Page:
I am wondering if you have any dances for low numbers of dancers (perhaps 6
or less), when most or all of the dancers are beginners and adults. I am
also wondering if you have any dances (presumably different dances), that do
not require choosing a partner and are good openers for beginner adults.
Thanks as always to all,
I can only speak with reference to calling at NEFFA, as I have never applied to DownEast. As some of you may know that Linda Leslie is NEFFA's program chair, I will note that the program chair does not select performers for contra sessions.
Regarding NEFFA 2007, the following notice is now posted at http://neffa.org/perf_app.html - The Program Committee is not prepared to take your application at this time, since it is too late to apply for this year's NEFFA Festival. Please note that the application to perform is always available during the month of September, with a deadline in October. If you'd like to get an e-mail notice of application availability, send a blank e-mail to NEFFA_Performers-subscribe(a)yahoogroups.com
So you can note on your calendar that September is a good time to check the NEFFA web site, and also arrange for a notice to pop up in your e-mail.
The NEFFA application invites you to come up with a briefly-described theme for your session, with a title of 20 characters or less. IMO, use your own judgment as to how important the theme is. If you are offering a concept that's really meaningful to you, don't be afraid to describe it. If what you really want to do is just call some hot contras, then IMO I wouldn't go overboard on the theme.
Unlike Northwest Folklife, callers and bands apply SEPARATELY to the New England Folk Festival. And I believe that this is a very good thing for beginning callers who hope to have a chance at getting onstage. This mix-and-match policy gives a fresh perspective for experienced performers, and can be an eye-opening experience for newcomers who may get to work with seasoned veterans. I will never forget calling at NEFFA with Northern Spy, a band that has worked with caller David Millstone for 25 years. And where was David during this session? Out on the floor, happily dancing to the music of his own band. NEFFA's selection process made that wonderful hour possible for me.
For what it's worth, the first year I successfully applied I asked for a "Festival Orchestra" slot, which means that instead of calling a themed, hour-long session I called two dances in the Main Hall with the assembled orchestra and then got off the stage as the next Festival Orchestra caller had a turn. IMO, the key here (as well as in submitting a session proposal) is to choose dances that you know by heart, can teach well, fully believe in, and love to share with a crowd. You don't want to have second thoughts as you approach the microphone.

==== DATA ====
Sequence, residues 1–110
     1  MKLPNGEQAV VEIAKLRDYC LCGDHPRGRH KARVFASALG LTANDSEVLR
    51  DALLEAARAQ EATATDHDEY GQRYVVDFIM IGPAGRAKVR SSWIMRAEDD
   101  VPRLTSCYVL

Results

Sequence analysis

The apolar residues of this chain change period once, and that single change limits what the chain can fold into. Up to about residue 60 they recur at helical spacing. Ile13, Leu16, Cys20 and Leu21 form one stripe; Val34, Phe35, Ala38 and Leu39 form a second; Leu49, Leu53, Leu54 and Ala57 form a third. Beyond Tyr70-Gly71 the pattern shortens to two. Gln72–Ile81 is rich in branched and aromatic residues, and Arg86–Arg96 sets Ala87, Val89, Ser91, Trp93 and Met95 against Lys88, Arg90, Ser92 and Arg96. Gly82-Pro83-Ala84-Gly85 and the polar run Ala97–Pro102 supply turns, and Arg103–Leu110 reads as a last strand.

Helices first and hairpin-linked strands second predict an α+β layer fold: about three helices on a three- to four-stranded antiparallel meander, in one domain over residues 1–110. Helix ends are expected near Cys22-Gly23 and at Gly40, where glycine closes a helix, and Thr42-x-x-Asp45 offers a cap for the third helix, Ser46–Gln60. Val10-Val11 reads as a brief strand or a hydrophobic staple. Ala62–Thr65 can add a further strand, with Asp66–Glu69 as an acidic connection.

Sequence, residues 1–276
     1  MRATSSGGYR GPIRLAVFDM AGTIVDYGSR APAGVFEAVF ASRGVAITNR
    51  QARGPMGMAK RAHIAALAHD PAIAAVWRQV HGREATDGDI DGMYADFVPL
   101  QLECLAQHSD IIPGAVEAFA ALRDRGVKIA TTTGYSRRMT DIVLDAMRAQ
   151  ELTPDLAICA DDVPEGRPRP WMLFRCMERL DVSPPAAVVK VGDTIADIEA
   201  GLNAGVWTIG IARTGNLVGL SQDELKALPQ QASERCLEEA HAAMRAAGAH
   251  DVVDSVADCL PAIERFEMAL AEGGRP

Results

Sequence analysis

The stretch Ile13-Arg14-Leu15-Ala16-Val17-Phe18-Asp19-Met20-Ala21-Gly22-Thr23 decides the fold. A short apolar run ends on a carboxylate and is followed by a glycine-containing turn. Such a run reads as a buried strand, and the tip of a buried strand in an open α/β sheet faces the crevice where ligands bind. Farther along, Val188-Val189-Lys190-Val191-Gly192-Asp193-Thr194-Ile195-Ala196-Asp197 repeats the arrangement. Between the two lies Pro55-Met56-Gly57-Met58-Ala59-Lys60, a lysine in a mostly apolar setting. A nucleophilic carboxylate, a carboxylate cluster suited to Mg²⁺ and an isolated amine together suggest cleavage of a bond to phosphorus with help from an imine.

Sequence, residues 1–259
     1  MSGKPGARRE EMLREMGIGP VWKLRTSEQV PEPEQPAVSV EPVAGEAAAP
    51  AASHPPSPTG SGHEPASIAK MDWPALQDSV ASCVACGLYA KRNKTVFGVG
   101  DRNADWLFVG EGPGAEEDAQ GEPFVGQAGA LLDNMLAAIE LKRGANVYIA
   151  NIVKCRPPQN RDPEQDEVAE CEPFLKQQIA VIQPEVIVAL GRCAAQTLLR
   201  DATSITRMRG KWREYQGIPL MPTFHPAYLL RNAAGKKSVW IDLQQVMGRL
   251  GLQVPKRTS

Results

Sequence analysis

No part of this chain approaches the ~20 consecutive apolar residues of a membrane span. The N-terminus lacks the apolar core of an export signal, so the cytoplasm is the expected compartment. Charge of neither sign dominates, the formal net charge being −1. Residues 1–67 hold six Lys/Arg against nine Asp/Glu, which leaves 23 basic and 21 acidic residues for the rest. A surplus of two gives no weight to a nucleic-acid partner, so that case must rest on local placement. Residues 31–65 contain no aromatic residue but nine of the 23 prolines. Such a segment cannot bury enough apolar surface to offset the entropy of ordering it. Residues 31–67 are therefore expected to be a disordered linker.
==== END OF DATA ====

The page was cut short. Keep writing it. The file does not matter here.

If you're wondering why performer applications are required so far in advance of a festival, note that NEFFA may have 1700 performers, many of whom perform in multiple sessions (perhaps performing alone, and with a participatory dance group, and also with a concert performance group!). You can't doublebook a performer (or larger groups to which she may belong), you have to give her time to move from one venue to another, plus a bunch of other scheduling etceteras that would drive me loony to contemplate further. How scheduling was done in the days before computers is beyond me.
Robert Jon Golder
164 Maxfield St
New Bedford, MA 02740
Speaking of dances with missing details, I have a great dance called
Fruit Punch. Diane Silver called it at Bogue Banks Boogie a few years
ago. Not sure who wrote it (maybe Diane?).
I evidently wrote it down wrong since it doesn't progress but instead
keeps sending the dancers back and forth. Someone said it felt like
it was missing a circle somewhere. Does it start with a circle left
half way into a slide left? Does anyone have the correct
choreography? I haven't heard back from Diane yet about this question.
What I have is this:
Fruit Punch by Diane or?
I have Improper written down, but it looks like a Becket.
A1 With couple on L diagonal, Yearn to new Neighbors and fall straight
Ladies Allem R 1+1/2 (8)
A2 N Balance & Swing (16)
B1 Take hands in a ring.
Balance the ring (4)
Pass through to an ocean wave (4)
Balance the wave (4)
N Allemande R x1 (4)
B2 Ladies Allemande L 1+1/2 to partner (8)
Partner swing (8)
Thanks for any clarification anyone might have.
There was a two-part video previously available on the WMUR TV (Manchester,
NH) web site on the history of contra dancing. IIRC, it had footage from
the RPDLW. I'd linked to it from the http://mondaycontras.com site but WMUR
apparently redesigned their site and those links no longer work (and
searching uncovered nothing). Does anyone have an alternative location
where that material is posted?
Ron T Blechner <contraron(a)gmail.com> wrote:
> I've been finding circle mixers extremely valuable for dances with newer
> dancers. They provide a way both to expose them to many different
> experienced dancers as well as to make them comfortable with the idea of